''It is difficult to establish the right number of casualties," said Amnesty International's Middle East spokeswoman, Nicole Choueiry. She added that ''it was the job of the occupation power to keep track of the numbers, but the Americans failed to do so."
A surge in fighting has killed 17 US service members in the past four days. Seven Marines and three Iraqi soldiers were killed Monday in a suicide car bombing north of Fallujah. Two US soldiers were killed in a mortar attack Sunday.
West of the capital yesterday, US warplanes swooped low over Fallujah, which is controlled by Sunni Muslim insurgents.
A group linked to Jordanian-born militant Abu Musab al-Zarqawi -- Tawhid and Jihad -- posted a statement on a militant website claiming responsibility for the suicide attack Monday, describing it as ''a martyr operation . . . that targeted American soldiers and their mercenary apostate collaborators from the Iraqi army."
In Baghdad, the fighting between US soldiers and Sadr's militiamen erupted yesterday when US officials said the cleric's gunmen fired on Americans carrying out patrols in Sadr City.
A Sadr spokesman, Sheik Raed al-Kadhimi, blamed ''intrusive" American patrolling for provoking the fighting.
''Our fighters have no choice but to return fire and to face the US forces and helicopters pounding our houses," Kadhimi said in a statement.
Late yesterday, the militia announced a unilateral cease-fire but said it would fight back in self-defense. It was unclear whether the statement had any meaning, since the militia routinely defends its actions as legitimate self-defense.
US Army Captain Brian O'Malley said that he was unaware of the cease-fire offer but that the area was quiet in the early evening. ''We only fire when we are fired at, but we will not stop our patrols or withdraw from our positions," he said.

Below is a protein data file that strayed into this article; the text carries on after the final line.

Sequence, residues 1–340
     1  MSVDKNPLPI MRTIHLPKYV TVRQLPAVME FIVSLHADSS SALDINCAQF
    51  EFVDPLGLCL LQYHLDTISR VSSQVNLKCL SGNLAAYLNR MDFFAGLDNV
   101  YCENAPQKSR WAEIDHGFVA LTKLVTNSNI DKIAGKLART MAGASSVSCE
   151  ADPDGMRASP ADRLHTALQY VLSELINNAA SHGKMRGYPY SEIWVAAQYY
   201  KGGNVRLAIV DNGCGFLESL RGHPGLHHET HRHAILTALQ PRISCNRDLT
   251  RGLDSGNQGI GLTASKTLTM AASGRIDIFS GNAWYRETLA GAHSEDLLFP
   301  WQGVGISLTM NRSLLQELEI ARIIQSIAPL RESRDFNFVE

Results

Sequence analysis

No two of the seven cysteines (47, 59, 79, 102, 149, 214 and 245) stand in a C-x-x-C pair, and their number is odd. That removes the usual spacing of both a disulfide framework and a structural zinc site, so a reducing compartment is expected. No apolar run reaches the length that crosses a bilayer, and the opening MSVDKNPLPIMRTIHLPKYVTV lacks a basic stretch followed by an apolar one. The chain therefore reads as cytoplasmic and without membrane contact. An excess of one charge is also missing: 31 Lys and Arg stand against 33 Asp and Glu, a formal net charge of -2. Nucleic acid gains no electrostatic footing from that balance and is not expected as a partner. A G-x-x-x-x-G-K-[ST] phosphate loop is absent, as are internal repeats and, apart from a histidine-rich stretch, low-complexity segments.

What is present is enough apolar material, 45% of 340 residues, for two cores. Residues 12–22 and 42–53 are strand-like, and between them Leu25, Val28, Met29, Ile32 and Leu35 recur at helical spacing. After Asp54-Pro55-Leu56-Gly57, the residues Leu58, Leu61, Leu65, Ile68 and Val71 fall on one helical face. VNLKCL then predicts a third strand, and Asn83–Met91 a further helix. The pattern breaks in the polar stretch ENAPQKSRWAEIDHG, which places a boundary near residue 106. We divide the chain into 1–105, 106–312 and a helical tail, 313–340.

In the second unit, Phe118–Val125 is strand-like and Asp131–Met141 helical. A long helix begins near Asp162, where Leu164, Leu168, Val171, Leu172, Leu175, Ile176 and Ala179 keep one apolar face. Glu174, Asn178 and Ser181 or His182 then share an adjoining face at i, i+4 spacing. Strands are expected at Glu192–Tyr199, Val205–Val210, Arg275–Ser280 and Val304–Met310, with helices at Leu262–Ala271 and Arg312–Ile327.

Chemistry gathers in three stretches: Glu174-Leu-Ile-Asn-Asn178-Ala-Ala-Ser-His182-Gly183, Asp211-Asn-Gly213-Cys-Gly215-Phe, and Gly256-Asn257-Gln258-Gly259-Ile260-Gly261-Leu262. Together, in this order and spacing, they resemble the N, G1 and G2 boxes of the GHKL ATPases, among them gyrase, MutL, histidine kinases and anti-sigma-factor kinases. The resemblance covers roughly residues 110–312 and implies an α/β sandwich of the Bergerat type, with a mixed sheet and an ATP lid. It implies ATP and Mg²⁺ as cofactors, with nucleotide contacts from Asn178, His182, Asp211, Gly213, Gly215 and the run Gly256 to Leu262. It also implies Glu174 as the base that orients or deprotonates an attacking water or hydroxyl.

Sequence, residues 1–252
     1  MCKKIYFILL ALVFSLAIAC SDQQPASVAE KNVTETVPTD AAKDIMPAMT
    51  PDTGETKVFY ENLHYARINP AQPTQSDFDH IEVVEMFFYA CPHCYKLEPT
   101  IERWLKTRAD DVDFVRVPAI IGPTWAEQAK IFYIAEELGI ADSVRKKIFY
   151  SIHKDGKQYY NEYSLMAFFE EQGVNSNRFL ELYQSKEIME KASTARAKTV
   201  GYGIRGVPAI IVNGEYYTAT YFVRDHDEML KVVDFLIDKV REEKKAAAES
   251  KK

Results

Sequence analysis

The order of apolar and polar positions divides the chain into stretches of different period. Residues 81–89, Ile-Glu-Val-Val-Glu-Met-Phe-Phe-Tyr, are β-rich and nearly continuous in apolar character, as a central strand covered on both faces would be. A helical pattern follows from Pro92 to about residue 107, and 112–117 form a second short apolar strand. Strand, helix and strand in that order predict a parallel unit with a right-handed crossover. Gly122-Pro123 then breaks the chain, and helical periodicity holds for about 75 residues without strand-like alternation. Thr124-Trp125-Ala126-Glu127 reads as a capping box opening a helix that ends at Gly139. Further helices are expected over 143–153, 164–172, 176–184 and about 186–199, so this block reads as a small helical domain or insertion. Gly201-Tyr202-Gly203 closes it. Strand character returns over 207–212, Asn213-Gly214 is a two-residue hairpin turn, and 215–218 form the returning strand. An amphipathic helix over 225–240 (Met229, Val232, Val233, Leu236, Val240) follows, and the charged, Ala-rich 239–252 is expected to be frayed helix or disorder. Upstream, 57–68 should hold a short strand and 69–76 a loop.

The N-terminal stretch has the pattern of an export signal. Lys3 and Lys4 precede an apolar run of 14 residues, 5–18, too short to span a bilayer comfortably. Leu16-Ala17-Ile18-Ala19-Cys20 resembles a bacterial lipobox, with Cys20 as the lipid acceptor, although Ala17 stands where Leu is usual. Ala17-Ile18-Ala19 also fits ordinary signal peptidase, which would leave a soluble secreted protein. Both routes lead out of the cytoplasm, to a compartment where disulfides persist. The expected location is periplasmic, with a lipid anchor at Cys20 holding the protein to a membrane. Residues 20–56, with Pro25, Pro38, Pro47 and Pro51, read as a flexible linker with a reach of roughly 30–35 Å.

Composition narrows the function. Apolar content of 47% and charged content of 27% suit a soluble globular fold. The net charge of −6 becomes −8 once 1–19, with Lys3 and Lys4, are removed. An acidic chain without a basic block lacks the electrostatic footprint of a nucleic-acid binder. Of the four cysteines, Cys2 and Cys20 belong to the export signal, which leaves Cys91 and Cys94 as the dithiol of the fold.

At the Pentagon, General Richard Myers, chairman of the Joint Chiefs of Staff, attributed the spike in US combat deaths on an insurgency that ''is becoming more sophisticated in its efforts to destabilize the country."
''We are aggressively seeking and capturing those insurgents who are not willing to do so themselves, but are encouraging people to commit suicide attacks," Myers told reporters yesterday. ''Make no mistake, we will continue to pursue those who seek to disrupt progress in Iraq."
Myers and Defense Secretary Donald H. Rumsfeld said that in order to retake the insurgents' strongholds in central Iraq cities, Iraqi forces would need to be trained to take the lead, though Myers said the Iraqi forces would not be ready for such a task until the end of the year.
During the Sadr City fighting, US warplanes flew over the sprawling neighborhood -- home to some 2 million people.
US forces appeared to be carrying out the fighting without the help of Iraqi security forces, though US spokesmen talked of ''multinational forces" involved in the operations, a term that sometimes includes Iraqi troops.
Small groups of Sadr's Mahdi Army fighters pounded on the asphalt with hammers to plant mines and explosives in the streets. Fighters in their teens and early 20s trotted toward the clashes -- grenade launchers in hand.
Elsewhere, a bomb exploded yesterday near the convoy of the governor of the Baghdad region, killing two people. Governor Ali al-Haidri escaped injury, said an Interior Ministry spokesman, Colonel Adnan Abdel Rahman said.
Material from Reuters was used in this report.